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Kushner and O'Brien on board the El Al flight from Israel to the UAE. Photo: Nir Elias/Pool/AFP via Getty Images

ABU DHABI, United Arab Emirates — President Trump and Israeli Prime Minister Benjamin Netanyahu plan to discuss the pending sale of F-35 fighter jets by the U.S. to the UAE, Jared Kushner told reporters on board the first commercial flight from Israel to the UAE, which landed in Abu Dhabi this morning.

Why it matters: The White House has hailed the normalization deal it brokered between Israel and the UAE as a breakthrough for the region — but shortly after the announcement, a major disagreement emerged over the UAE's desire to acquire the F-35.

Behind the scenes: Emirati officials considered Netanyahu's public opposition to the deal a violation of the understandings they had reached, and they canceled a ceremonial meeting at the UN to show their displeasure.

The backstory: The U.S. has committed to ensuring the regional military superiority of Israel, which is the only country in the region to possess the F-35.

  • Kushner and national security adviser Robert O'Brien discussed the issue with Netanyahu and Defense Minister Benny Gantz in Jerusalem on Sunday.
  • On Monday's flight, Kushner said Netanyahu has full confidence that Trump will do everything he can to ensure Israel can maintain its qualitative military edge.
  • Kushner added that the U.S. has a 30-year security relationship with the UAE, which it intends to enhance while bringing Israel into their security dialogue. "I know Netanyahu sees the great opportunity that was created here," he said.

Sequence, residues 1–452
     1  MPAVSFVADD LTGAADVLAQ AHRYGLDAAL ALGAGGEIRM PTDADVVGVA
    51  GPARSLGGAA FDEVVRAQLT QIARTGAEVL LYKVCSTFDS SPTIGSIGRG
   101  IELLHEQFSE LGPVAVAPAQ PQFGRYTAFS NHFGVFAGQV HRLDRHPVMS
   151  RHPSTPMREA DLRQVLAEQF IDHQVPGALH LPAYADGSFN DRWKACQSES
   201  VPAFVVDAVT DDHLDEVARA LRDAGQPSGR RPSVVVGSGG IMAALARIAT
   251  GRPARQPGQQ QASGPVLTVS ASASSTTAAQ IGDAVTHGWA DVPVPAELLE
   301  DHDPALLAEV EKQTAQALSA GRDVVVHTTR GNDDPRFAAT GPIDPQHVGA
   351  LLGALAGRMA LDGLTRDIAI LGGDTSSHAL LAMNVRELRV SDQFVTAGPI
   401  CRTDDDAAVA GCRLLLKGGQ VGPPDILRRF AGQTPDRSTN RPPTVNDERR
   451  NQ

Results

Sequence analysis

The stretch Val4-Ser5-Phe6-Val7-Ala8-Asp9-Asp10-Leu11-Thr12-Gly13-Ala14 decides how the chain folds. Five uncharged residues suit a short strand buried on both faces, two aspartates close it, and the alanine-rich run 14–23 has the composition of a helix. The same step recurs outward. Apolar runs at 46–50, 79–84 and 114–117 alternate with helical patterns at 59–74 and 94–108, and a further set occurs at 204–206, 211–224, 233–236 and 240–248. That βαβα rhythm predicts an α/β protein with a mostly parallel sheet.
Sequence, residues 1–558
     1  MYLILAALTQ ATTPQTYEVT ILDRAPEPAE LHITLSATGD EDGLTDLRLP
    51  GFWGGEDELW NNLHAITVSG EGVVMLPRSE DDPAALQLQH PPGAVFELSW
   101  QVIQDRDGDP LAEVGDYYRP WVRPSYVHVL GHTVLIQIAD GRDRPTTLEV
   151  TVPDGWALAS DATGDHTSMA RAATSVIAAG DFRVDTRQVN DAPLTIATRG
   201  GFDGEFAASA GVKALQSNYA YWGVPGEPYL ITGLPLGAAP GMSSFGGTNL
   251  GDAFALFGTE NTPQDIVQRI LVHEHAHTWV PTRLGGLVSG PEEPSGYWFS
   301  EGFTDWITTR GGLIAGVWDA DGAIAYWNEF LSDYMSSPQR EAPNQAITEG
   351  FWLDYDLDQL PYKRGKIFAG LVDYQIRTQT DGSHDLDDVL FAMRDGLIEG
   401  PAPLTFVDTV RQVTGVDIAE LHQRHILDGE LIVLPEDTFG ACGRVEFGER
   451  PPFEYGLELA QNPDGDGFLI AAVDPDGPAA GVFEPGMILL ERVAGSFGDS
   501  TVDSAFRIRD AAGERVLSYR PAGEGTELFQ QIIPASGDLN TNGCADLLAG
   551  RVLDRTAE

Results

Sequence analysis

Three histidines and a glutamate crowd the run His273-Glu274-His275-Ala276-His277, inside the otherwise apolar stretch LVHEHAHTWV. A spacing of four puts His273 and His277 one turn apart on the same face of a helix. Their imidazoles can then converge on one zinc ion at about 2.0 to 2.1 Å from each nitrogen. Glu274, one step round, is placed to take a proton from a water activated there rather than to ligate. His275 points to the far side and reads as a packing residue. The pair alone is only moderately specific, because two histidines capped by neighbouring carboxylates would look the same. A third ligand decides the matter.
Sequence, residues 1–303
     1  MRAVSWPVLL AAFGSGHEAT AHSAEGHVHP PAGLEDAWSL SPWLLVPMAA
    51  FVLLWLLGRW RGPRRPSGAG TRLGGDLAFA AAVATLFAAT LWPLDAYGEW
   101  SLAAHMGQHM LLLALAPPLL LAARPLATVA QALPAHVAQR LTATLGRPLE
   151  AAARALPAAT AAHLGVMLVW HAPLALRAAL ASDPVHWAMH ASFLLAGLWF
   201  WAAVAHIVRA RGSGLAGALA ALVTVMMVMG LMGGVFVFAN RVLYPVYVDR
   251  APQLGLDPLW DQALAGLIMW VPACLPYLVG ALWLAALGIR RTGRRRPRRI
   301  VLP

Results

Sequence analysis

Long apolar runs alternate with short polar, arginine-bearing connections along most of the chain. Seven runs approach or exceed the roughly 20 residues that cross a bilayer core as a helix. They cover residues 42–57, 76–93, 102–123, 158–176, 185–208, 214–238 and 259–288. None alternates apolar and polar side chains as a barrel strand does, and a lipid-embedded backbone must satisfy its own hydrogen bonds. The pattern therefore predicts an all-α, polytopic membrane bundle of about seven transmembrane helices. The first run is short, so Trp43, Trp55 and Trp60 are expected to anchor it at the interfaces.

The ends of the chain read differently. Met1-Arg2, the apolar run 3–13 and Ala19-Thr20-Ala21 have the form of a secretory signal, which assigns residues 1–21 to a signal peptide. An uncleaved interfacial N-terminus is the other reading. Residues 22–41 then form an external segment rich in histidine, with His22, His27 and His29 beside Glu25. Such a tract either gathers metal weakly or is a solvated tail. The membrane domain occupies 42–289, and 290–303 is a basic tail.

The latest: In a press conference after landing in Abu Dhabi, Kushner said he was confident the U.S. could both deepen its security relationship with the UAE and preserve Israel's qualitative military edge.

What to watch: Gantz said publicly after Sunday's meeting that he thinks the U.S. and Israel can find a way to maintain Israel's military superiority even if the deal moves forward.

Go deeper

Nov 27, 2020 - World

Iran confirms assassination of top nuclear scientist Mohsen Fakhrizadhe

The Iranian ministry of defense issued a statement on Friday confirming the assassination of Mohsen Fakhrizadhe, an Iranian scientist and the architect behind the Islamic Republic’s military nuclear program.

Why it matters: Fakhrizadhe was the head of the Amad project in the Iranian ministry of defense, which focused on developing a nuclear bomb until 2003.

2 hours ago - Politics & Policy

Bipartisan group of senators seeks coronavirus stimulus deal

Sens. Joe Manchin (D-W.V.) and Susan Collins (R-Maine). Photo: Drew Angerer/Getty Images

At least eight Republican and Democratic senators have formed an informal working group aimed at securing new coronavirus spending during the lame-duck session, a move favored by President-elect Biden, two sources familiar with the group tell Axios.

Why it matters: It may be the most significant bipartisan step toward COVID relief in months.

FCC chairman to depart in January

FCC Chairman Ajit Pai. Photo: Alex Wong/Getty Images

Ajit Pai will leave his post as chairman of the Federal Communications Commission on Jan. 20, the agency said today.

Why it matters: Pai's Inauguration Day departure is in keeping with agency tradition, and could set up the Biden administration with a 2-1 Democratic majority at the FCC if the Senate fails to confirm another Trump nominee during the lame-duck period.

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